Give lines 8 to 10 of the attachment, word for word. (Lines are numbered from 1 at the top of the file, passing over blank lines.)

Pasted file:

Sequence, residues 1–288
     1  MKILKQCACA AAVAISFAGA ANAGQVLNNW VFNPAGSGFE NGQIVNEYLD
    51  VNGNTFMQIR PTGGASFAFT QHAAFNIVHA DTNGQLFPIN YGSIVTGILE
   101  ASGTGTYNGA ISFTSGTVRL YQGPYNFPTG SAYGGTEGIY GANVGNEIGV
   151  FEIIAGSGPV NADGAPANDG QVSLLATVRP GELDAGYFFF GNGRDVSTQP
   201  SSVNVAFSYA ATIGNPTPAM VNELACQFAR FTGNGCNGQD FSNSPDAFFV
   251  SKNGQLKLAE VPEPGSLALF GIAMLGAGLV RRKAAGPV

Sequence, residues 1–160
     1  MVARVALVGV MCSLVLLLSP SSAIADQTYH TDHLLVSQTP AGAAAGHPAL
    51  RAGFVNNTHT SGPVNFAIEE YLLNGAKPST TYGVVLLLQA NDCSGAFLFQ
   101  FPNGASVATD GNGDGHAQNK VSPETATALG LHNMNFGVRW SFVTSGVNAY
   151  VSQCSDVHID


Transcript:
Sequence, residues 1–160
     1  MVARVALVGV MCSLVLLLSP SSAIADQTYH TDHLLVSQTP AGAAAGHPAL
    51  RAGFVNNTHT SGPVNFAIEE YLLNGAKPST TYGVVLLLQA NDCSGAFLFQ